Fenestration hallucination:Sales strategies from Division 1
"I like to think of sales as the ability to gracefully persuade, not manipulate, a person or persons into a win-win situation." - Bo Bennett
While listening to a local radio sports program the other day, I was struck by the attention to detail and strategy that Division 1 college coaches put into building an effective recruiting program. As I thought about how difficult it is for coaches to persuade talented recruits to come to their schools, it occurred to me that strong recruiting programs are essentially based on effective sales programs. And we, as sales organizations, can learn from them.
For example, the head coach of a major college sports program must have a highly detailed, multi-year recruiting plan with specific geographic areas and prospect classification that each assistant is responsible for. Knowing their short- and long-term needs, the staff adjusts as necessary to build and maintain a strong lineup. The recruiters know their school's strengths and weaknesses; they know their competitors; and they tailor their presentations and prioritize targets accordingly.
The coaching staff assesses prospective athletes and determines which athletes to pursue. Once they have scouted and prioritized those athletes, staff use mail, telephone, in-home visits and campus visits to stay in touch with the athlete, his family, his high school coach and others who influence him. Often, the head coach will ‘close the deal.’ After signing the athlete, the staff stays in touch, pushes the athlete to get good grades and test scores, urges him to keep his personal life together, and eventually helps him adjust to college life. While on campus, the coaching staff works to get the most out of the athlete, push him academically and help him plan for the future.
Of course, the staff loses out on some recruits and picks up others it didn’t anticipate. Sometimes, the highly touted recruits don’t pan out, while less attractive athletes blossom.
The long-term key to recruiting success is a staff that builds strong relationships with everyone it comes in contact with. Meticulous planning, constant contact, and regular follow-up and progress reports are the hallmarks of a successful recruiting program.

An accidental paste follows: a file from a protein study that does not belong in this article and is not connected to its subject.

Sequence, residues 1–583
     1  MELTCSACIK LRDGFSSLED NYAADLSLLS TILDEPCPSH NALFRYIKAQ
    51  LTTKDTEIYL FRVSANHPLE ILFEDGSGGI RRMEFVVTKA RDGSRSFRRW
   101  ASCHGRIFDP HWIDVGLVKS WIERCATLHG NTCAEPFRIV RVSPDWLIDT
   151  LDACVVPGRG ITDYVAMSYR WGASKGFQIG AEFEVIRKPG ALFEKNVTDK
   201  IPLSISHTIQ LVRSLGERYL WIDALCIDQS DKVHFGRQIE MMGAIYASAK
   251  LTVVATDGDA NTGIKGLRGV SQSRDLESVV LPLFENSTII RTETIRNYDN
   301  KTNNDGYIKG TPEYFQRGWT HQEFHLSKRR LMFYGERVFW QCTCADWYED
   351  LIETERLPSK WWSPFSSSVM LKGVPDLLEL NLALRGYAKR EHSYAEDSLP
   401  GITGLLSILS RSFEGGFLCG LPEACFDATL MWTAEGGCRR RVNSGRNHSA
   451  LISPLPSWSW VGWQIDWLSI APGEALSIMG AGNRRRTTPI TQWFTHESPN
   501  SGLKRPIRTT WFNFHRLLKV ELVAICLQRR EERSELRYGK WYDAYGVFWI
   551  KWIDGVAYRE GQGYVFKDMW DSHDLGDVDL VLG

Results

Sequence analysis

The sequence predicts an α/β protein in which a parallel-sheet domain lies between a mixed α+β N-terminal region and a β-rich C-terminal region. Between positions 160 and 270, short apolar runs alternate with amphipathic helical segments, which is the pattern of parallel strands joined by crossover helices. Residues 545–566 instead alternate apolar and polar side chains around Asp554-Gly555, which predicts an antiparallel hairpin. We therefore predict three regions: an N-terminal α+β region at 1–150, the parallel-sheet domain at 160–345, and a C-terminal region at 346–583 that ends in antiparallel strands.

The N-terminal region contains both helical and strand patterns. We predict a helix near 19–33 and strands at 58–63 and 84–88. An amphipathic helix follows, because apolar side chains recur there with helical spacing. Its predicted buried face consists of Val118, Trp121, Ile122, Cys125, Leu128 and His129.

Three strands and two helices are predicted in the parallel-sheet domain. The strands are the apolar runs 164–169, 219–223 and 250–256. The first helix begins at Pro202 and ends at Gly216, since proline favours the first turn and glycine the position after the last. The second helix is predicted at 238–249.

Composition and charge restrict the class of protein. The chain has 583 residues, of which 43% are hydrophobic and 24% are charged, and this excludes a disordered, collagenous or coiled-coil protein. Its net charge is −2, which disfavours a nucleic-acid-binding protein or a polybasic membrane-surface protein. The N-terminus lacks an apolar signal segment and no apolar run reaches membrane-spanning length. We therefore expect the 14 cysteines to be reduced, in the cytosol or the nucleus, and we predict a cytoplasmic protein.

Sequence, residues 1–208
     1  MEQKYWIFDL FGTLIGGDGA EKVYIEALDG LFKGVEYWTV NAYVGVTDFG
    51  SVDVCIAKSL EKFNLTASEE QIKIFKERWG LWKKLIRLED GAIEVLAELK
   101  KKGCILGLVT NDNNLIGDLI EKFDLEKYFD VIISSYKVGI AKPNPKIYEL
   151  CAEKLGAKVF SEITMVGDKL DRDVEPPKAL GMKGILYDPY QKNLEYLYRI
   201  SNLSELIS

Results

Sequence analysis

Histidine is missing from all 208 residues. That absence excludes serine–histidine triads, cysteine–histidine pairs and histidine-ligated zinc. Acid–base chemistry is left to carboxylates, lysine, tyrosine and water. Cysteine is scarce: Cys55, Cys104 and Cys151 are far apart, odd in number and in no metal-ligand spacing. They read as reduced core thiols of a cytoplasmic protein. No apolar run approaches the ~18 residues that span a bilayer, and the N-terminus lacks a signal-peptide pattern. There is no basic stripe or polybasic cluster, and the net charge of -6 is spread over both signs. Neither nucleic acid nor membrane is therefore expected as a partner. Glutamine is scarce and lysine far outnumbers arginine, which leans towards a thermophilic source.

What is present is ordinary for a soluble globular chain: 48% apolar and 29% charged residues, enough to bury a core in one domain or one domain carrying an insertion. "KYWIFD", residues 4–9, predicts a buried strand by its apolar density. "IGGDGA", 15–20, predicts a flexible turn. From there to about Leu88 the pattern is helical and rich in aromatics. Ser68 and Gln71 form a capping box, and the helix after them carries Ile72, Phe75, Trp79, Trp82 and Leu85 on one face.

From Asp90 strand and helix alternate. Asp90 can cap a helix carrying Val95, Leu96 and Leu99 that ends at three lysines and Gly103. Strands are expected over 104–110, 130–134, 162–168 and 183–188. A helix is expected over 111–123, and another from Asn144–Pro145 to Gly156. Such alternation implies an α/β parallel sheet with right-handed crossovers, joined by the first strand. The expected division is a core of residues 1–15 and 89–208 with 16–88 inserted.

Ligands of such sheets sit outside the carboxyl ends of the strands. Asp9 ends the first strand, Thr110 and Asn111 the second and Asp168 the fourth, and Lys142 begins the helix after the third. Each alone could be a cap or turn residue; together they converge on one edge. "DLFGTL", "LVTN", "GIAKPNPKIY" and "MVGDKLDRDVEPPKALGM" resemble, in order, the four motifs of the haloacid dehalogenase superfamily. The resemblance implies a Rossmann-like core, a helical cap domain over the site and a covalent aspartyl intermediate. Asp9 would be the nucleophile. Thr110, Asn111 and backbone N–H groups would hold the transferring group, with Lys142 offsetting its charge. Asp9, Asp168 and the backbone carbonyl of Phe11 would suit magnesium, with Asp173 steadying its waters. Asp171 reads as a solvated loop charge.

Strong sales programs share these characteristics.
Everyone sells in a strong sales program, including the owner. The company has a highly detailed, multi-year plan with specific geographic areas and product specialties that each associate is responsible for. The business refocuses and reprioritizes its product/service line-up as sales grow or decline over time, or as the economy or sales conditions change. A knowledgeable sales staff knows its strengths and weaknesses and those of its competitors, and tailors its pitch and calls accordingly.
Sales associates assess relationships with targets they choose to pursue. Once they research and prioritize potential customers, the staff uses mail, email, telephone, in-office or in-home visits, etc., to build strong relationships and influence their target’s decisions about the company’s product/service offerings. Maybe, the sales manager or owner ‘closes the deal’ when pursuing a project or cementing a relationship. After the sale is made, staff members continue to work with the client to make sure everything goes well, thereby strengthening the relationship.
Of course, they don't always get the sale. And sometimes, luck brings unexpected business their way.
Like the great recruiting programs, successful sales programs rely on building strong relationships with everyone the staff comes in contact with. Sales success might come, or it might take awhile; but meticulous planning, constant positive contact with clients, and regular follow-up before, during and after the sale are hallmarks of the successful sales program.
"Sales are contingent upon the attitude of the salesman - not the attitude of the prospect."
-W. Clement Stone
Rod Van Buskirk is the third-generation owner of Bacon & Van Buskirk Glass Co., with locations in Champaign and Springfield, Ill. A past NGA Chairman, Rod looks quarterly at the industry from the middle of nowhere, steals ideas from anyone he can and pretends to know what he’s talking about. Rod invites your comments as you are certainly smarter than he is.
The opinions expressed here are those of the individual author and do not necessarily reflect those of the National Glass Association, Glass Magazine editors, or other glassblog contributors.